John Robertson

Staff member
Leon Ernest
  • UNIT
504 Parachute Infantry Regiment (Company I)
  • RANK
Staff Sergeant
27th September 1944
  • AGE
Netherlands American Cemetery, Margraten, Netherlands Tablets of the Missing
from Benton County, Oregon
born 30.10.1916, Timber, Washington County, Oregon, USA
father Arthur John Baldwin (1884-1976)
mother Edna Belle (nee Morris) Baldwin (1892-1976)
4 years high school
civil occupation semiskilled lumbermen, raftsmen and woodchoppers
employed by Tidewater Timer Company
single without dependents upon enlistment
16.10.1940 draft card Oregon
24.06.1942 entered service Portland, Oregon
awards Silver Star, Bronze Star
KIA Groesbeek-Wylerbaan, Holland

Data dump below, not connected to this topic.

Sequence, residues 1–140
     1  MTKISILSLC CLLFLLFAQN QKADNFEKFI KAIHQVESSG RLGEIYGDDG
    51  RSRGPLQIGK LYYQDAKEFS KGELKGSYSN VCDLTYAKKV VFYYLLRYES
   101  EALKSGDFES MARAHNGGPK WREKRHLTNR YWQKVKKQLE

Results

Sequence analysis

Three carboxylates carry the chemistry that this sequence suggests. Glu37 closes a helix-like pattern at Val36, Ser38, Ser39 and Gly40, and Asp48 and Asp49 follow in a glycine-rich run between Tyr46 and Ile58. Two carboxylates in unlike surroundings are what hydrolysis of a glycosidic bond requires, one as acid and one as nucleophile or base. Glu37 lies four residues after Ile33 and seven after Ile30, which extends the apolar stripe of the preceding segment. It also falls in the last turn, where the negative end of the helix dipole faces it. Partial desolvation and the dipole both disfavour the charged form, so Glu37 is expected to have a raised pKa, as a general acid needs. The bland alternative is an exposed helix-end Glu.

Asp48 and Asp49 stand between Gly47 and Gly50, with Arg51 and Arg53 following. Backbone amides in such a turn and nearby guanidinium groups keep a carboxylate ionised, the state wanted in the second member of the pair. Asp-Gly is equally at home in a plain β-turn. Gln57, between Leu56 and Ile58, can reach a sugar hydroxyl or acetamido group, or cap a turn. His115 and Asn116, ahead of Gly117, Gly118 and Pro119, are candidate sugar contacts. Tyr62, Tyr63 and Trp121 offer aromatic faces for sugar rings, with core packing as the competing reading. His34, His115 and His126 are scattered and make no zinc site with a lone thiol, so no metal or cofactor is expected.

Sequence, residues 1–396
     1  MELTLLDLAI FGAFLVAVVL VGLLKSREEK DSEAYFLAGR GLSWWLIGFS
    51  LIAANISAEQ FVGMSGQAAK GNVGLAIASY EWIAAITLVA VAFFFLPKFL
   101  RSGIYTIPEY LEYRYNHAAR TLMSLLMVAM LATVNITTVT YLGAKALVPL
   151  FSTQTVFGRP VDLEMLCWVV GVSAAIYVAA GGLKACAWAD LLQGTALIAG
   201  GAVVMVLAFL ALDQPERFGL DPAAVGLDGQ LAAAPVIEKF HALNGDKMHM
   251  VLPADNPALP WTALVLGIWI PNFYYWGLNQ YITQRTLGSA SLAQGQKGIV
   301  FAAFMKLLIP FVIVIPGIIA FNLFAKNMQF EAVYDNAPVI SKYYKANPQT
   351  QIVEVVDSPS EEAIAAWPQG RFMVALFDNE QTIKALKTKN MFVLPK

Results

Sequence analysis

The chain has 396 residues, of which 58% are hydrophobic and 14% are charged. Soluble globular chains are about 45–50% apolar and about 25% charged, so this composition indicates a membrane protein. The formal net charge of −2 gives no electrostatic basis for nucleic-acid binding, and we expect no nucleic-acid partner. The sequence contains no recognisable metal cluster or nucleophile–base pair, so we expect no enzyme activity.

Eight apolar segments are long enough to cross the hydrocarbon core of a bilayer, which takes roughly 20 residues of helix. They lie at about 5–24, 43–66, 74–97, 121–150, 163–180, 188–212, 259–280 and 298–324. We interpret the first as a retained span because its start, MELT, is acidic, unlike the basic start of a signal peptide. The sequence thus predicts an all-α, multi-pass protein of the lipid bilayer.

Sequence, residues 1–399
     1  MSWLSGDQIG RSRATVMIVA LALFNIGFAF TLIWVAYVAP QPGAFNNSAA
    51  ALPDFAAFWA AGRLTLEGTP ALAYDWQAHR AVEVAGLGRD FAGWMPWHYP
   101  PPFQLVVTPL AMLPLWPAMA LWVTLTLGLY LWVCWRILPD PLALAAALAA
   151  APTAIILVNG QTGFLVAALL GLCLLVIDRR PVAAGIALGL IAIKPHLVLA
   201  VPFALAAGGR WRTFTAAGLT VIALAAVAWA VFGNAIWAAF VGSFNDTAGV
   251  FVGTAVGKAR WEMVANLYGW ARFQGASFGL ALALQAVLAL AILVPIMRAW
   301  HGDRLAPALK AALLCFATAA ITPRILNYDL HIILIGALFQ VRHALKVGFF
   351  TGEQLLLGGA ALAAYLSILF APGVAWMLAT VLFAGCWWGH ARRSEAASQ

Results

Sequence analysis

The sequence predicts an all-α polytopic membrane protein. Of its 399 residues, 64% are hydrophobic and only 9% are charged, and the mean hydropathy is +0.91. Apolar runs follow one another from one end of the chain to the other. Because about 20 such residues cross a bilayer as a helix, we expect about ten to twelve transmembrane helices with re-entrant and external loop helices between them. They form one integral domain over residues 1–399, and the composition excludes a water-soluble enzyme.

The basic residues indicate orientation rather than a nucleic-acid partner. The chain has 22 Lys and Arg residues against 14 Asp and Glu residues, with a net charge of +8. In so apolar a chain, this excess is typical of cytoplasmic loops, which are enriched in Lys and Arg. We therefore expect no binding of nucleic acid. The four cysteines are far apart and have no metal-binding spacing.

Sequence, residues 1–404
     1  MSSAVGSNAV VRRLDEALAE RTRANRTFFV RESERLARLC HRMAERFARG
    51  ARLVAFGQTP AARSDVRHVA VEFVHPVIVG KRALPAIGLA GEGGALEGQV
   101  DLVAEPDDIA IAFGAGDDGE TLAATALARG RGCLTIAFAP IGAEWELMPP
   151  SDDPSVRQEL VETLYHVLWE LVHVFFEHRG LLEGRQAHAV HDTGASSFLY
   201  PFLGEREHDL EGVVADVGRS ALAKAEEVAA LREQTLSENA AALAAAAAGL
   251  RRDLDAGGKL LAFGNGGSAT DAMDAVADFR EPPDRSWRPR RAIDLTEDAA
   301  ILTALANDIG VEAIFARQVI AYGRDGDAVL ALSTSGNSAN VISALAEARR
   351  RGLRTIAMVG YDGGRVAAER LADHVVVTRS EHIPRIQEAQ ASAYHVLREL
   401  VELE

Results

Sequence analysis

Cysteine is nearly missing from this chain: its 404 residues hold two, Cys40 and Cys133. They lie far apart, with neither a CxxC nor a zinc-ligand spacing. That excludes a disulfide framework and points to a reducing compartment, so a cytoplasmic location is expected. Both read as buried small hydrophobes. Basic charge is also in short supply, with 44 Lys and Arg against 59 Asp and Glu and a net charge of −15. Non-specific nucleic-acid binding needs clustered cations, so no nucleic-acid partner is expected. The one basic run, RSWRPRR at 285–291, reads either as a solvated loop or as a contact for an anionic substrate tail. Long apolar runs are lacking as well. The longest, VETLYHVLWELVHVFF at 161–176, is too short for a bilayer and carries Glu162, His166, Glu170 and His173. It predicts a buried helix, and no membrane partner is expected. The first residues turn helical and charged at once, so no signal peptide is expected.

Silver Star : The President of the United States of America, authorized by Act of Congress July 9, 1918, takes pride in presenting the Silver Star (Posthumously) to Staff Sergeant Leon E Baldwin (ASN: 39311399), United States Army, for gallantry in action on 27 September 1944 in the Den Heuval Woods near ****, Holland. During the night of 26 September, Staff Sergeant Baldwin, Platoon Sergeant of the Second Platoon of Company I, 3d Battalion, 504th Parachute Infantry Regiment, 82d Airborne Division, was directing the fire of his BAR men from an advanced position upon small groups of enemy infantry who were trying to infiltrate his company's lines. At dawn an estimated battalion of enemy infantry supported by tanks and under the protective cover of a heavy artillery barrage made a determined attack upon the company position. Staff Sergeant Baldwin saw an enemy infantryman kill one of his machine gunners about twenty yards to his left flank and crawl into the foxhole behind the gun. Without hesitation and completely unmindful of his own safety, Staff Sergeant Baldwin leaped from his own foxhole, charged across the open ground in full view of the advancing enemy, and bayoneted the German. He then threw the dead German aside and turned the gun on the enemy. Remaining exposed to the full concentration of enemy fire, he caused innumerable casualties in the enemy ranks by his fearless and skillful operation of the gun. Seeing the untenable situation the company was in, the company commander gave the order to move to the main line of resistance. Staff Sergeant Baldwin took charge of 45 enemy prisoners and started to evacuate them. Suddenly, an enemy tank bore down on them and drove between Staff Sergeant Baldwin and his prisoners, thus cutting him off from all possibility of withdrawing. As a result of this action Staff Sergeant Baldwin has been missing in action. The cool courage of Staff Sergeant Baldwin, exhibited in the face of great personal danger, and his unselfish willingness to sacrifice himself in the aid of his comrades will long inspire the remainder of his company who witnessed his actions. His unswerving devotion to duty reflects the highest credit upon his military training.


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